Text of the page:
A further discussion on the prices of gold

CategoriesSite Updates_

Anon contributes:

Re: the graph above. A slight correction to yesterday’s chart of gold prices, because I was like, wait, what? Did it really happen that way, that the price of gold was flat until 1971? So I looked up the gold price for 100 years, you can see it at https://www.macrotrends.net/1333/historical-gold-prices-100-year-chart This graph looks accurate, I cross-checked against several sources.

The thickest gray vertical line is the Great Depression of 1929. Gold is a hedge (“insurance”) against the apocalypse itself – when everything is collapsing, gold remains a valuable rare commodity that is also necessary in production of electronics. As the Great Depression unfolded in 1930’s, people used gold to store value, and its price went up. A decade later, as people’s faith in government was slowly restored, they reduced their usage of gold as container of value, by half. In 5 more years, the shock of the Great Depression wore off and gold price returned to its then-balance of $400/oz. This seems reasonable. Gold also has its own economics: the largest gold mine sets the price worldwide.

But yeah, it appepars that the price of gold was indeed flat (excluding that one catastrophic exception) until the 70’s. Importantly, the first graph from yesterday seems to be gold price indexed to the nominal dollar. The graph from today is the gold price indexed to the real dollar (accounting for inflation). Observe the difference.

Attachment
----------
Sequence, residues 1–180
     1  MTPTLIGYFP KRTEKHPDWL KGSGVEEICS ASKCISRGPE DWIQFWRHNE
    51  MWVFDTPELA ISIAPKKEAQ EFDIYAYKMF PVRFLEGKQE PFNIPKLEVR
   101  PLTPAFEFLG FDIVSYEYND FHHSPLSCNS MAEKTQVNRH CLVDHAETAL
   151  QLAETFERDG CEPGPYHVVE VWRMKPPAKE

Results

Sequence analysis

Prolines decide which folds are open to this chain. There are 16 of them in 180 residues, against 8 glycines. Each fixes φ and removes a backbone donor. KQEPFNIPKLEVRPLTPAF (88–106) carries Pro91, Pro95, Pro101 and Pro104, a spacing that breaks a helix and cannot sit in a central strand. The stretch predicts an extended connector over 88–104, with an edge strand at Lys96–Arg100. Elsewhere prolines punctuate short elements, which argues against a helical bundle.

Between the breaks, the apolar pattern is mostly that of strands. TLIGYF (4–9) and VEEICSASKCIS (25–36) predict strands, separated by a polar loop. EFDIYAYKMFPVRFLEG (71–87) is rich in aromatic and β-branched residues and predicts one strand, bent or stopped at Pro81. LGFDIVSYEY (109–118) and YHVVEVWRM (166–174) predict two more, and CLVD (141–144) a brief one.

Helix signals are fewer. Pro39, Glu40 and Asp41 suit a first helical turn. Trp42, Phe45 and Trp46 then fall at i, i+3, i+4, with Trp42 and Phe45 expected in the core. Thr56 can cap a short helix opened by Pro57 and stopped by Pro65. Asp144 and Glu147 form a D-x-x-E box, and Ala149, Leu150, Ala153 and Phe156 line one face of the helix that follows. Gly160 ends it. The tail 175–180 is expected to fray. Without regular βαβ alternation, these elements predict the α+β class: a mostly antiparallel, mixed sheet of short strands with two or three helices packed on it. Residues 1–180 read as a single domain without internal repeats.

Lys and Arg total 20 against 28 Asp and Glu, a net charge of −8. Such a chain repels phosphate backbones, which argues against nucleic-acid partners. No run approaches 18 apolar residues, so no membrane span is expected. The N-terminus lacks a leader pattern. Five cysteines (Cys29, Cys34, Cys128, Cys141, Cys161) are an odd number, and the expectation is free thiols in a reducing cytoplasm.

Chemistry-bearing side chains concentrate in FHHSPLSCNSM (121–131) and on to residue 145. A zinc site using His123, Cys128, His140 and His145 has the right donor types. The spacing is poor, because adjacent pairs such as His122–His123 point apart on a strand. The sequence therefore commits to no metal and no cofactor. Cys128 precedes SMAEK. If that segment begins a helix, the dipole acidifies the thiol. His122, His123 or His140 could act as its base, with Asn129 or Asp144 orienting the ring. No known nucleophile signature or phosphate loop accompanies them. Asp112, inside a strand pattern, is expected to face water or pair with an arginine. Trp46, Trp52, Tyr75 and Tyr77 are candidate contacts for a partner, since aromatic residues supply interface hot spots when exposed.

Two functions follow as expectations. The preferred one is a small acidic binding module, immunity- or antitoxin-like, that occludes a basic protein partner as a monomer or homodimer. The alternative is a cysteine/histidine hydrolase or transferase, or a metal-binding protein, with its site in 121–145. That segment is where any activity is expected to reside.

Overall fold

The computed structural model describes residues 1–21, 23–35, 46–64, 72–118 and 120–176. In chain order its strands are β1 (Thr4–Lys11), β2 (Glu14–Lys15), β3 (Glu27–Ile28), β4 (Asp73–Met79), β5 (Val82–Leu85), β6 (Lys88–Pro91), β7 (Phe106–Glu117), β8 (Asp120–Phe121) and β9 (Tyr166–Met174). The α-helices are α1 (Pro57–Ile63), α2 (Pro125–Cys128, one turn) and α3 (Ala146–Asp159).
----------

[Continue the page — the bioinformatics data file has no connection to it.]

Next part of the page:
Lest We Forget: Why We Had [the 2008] Financial Crisis

CategoriesIssue 2023Q2, Site Updates_

Generously pasted from: https://archive.ph/n3plH

Steve Denning

Senior Contributor to Forbes
It is clear to anyone who has studied the financial crisis of 2008 that the private sector’s drive for short-term profit was behind it. More than 84 percent of the sub-prime mortgages in 2006 were issued by private lending. These private firms made nearly 83 percent of the subprime loans to low- and moderate-income borrowers that year. Out of the top 25 subprime lenders in 2006, only one was subject to the usual mortgage laws and regulations. The nonbank underwriters made more than 12 million subprime mortgages with a value of nearly $2 trillion. The lenders who made these were exempt from federal regulations.
How then could the Mayor of New YorkMichael Bloomberg say the following at a business breakfast in mid-town Manhattan on November 1, 2011?
It was not the banks that created the mortgage crisis. It was, plain and simple, Congress who forced everybody to go and give mortgages to people who were on the cusp. Now, I’m not saying I’m sure that was terrible policy, because a lot of those people who got homes still have them and they wouldn’t have gotten them without that. But they were the ones who pushed Fannie and Freddie to make a bunch of loans that were imprudent, if you will. They were the ones that pushed the banks to loan to everybody. And now we want to go vilify the banks because it’s one target, it’s easy to blame them and Congress certainly isn’t going to blame themselves.”